Watching the Bodies is published by Bloodhound Books and is available now. The links you need are below:


Graham on Facebook:

Graham’s Website:

Here on Twitter:

And the all important link to order the book:



Graham Smith is married with a young son. A time served joiner he has built bridges, houses, dug drains and slated roofs to make ends meet. Since Christmas 2000 he has been manager of a busy hotel and wedding venue near Gretna Green, Scotland. 

An avid fan of crime fiction since being given one of Enid Blyton’s Famous Five books at the age of eight, he has also been a regular reviewer and interviewer for the well-respected website since 2009.

He is the author of four books featuring DI Harry Evans and the Cumbrian Major Crimes Team and one book, WATCHING THE BODIES in a new series featuring Utah doorman, Jake Boulder.



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April 22

Good News Bad News – WHS McIntyre

Good News bad NewsLife’s full of good news and bad news for defence lawyer Robbie Munro. The good news is he’s in work, representing Antionia Brechin on a drugs charge. The bad news is that she’s the granddaughter of notorious Sheriff Brechin.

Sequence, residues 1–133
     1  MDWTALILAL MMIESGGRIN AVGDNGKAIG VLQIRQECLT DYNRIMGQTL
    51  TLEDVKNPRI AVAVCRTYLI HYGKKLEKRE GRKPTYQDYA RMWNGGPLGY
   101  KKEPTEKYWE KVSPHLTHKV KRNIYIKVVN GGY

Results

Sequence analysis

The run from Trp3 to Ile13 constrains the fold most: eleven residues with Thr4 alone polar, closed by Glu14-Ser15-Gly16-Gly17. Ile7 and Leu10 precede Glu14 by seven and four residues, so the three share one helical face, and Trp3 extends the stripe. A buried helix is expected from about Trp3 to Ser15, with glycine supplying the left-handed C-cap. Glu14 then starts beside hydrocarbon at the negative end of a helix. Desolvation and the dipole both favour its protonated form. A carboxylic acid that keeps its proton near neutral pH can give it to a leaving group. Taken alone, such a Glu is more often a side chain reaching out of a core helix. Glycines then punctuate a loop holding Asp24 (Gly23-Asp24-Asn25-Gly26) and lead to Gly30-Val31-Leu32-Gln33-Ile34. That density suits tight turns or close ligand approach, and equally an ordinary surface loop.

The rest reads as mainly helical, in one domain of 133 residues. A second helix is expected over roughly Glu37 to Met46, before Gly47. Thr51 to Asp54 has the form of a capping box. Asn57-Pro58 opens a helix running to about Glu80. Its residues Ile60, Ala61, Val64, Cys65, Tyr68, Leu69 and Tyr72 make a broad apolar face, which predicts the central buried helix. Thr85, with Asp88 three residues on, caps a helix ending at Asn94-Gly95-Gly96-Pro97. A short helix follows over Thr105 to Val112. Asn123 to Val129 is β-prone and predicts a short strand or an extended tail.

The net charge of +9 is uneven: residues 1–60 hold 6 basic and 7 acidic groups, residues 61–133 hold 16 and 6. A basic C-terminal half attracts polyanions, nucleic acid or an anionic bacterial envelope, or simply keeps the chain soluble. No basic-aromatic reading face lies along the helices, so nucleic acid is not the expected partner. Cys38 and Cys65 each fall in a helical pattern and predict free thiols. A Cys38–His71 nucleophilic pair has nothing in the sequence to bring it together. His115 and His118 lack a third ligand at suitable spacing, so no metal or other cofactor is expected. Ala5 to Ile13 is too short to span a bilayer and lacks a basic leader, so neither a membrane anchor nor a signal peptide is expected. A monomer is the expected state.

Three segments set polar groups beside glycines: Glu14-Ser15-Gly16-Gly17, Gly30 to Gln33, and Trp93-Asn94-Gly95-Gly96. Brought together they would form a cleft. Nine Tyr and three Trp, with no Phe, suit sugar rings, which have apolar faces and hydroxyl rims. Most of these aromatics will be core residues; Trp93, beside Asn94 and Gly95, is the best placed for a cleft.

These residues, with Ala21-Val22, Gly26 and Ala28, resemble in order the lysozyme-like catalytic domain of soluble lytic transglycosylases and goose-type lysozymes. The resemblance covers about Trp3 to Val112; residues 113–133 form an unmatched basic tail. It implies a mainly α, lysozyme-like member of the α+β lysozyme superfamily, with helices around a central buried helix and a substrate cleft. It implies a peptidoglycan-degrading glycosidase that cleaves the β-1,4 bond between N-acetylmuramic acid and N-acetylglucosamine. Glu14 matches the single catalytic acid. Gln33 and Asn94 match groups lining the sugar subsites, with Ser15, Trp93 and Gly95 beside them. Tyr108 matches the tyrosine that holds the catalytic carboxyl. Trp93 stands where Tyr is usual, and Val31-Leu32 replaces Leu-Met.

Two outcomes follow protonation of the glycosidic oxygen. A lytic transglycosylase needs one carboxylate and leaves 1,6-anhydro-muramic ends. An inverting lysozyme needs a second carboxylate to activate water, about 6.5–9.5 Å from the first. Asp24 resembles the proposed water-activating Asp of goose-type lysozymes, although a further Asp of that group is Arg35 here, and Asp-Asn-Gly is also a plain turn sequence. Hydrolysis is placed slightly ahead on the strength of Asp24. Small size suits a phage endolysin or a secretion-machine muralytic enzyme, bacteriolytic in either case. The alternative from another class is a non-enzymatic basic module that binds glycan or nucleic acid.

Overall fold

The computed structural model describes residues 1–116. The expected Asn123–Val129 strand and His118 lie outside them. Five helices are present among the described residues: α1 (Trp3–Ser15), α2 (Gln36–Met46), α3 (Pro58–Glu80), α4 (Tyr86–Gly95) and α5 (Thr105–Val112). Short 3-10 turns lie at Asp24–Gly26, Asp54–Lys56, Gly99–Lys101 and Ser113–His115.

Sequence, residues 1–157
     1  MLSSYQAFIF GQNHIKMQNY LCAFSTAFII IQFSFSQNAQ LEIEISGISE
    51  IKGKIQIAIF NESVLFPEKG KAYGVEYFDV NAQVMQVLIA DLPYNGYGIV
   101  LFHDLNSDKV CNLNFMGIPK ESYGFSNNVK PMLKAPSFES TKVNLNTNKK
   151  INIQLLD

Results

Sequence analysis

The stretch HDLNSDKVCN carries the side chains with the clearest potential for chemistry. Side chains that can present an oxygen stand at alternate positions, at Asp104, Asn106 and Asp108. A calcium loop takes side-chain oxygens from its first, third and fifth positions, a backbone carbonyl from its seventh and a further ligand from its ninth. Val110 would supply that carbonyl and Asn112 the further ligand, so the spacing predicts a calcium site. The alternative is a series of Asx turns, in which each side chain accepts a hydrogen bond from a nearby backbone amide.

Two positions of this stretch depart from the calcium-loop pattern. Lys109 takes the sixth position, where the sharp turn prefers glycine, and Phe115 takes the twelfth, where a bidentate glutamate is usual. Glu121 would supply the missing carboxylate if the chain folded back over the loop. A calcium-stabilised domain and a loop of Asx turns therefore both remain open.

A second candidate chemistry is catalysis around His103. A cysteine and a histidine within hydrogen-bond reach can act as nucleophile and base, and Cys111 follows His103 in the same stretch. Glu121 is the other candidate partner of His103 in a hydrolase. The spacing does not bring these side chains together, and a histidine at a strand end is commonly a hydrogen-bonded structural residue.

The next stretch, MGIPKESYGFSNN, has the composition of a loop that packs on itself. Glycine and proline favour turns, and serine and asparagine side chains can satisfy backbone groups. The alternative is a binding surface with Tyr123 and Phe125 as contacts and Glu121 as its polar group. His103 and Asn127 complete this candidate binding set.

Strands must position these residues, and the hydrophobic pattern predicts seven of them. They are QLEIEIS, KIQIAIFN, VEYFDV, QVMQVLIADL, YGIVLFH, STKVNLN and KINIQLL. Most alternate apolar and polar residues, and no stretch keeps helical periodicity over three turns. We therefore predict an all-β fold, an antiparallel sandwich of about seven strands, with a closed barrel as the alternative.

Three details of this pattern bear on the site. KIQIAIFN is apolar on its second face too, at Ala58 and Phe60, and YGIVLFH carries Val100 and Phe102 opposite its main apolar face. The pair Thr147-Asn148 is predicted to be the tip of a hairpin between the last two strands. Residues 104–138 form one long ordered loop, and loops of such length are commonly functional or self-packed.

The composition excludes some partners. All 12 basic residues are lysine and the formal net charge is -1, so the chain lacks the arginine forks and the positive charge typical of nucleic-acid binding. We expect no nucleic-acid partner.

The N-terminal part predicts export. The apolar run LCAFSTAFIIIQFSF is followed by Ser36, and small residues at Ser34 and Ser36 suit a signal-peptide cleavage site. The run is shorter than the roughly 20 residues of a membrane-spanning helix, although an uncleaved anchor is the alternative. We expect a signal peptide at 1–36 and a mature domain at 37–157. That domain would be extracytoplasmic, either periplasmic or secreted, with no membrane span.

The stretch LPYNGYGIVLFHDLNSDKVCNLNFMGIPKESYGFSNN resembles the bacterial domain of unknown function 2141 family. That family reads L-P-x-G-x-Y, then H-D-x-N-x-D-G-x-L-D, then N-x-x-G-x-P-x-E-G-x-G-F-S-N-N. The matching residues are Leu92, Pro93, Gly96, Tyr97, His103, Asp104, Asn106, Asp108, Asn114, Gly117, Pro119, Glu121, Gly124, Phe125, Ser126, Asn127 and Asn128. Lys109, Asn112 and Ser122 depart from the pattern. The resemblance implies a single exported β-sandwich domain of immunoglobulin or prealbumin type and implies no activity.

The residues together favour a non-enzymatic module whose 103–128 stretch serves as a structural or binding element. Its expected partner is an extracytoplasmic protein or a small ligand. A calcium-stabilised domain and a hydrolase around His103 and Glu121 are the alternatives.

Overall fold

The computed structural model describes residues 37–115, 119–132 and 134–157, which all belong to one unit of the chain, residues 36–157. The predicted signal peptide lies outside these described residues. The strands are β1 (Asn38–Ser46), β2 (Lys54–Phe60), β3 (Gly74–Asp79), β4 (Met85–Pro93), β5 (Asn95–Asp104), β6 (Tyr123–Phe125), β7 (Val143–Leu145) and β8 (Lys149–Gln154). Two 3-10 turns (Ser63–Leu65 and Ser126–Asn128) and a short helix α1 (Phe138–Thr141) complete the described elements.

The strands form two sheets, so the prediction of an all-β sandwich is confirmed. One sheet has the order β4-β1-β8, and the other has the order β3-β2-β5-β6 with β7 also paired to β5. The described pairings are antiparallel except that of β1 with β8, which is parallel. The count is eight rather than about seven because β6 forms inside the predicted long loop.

Meanwhile, another of Robbie’s clients, Ellen Fletcher, has won the lottery and asked Robbie to find her husband Freddy, who disappeared having swindled the evil Jake Turpie. Unfortunately, Jake’s not willing to bury the hatchet – not unless it’s in Freddy’s head.

Robbie juggles cases and private life with his usual dexterity, but the more he tries to fix things the more trouble everyone’s in.


My thanks to Keara at Sandstone Press for my review copy and for the chance to join the blog tour


Robbie Munro is a defence lawyer and he sounds like the kind of guy you would want to have fighting your corner for you. He understands the law but does not feel that applying the law necessarily means that justice will be served or that the consequences will always be appropriate for the crime committed.  This is entertainingly demonstrated at the start of the book when a young teacher is due to be sentenced by Robbie’s nemesis Sheriff Brechin.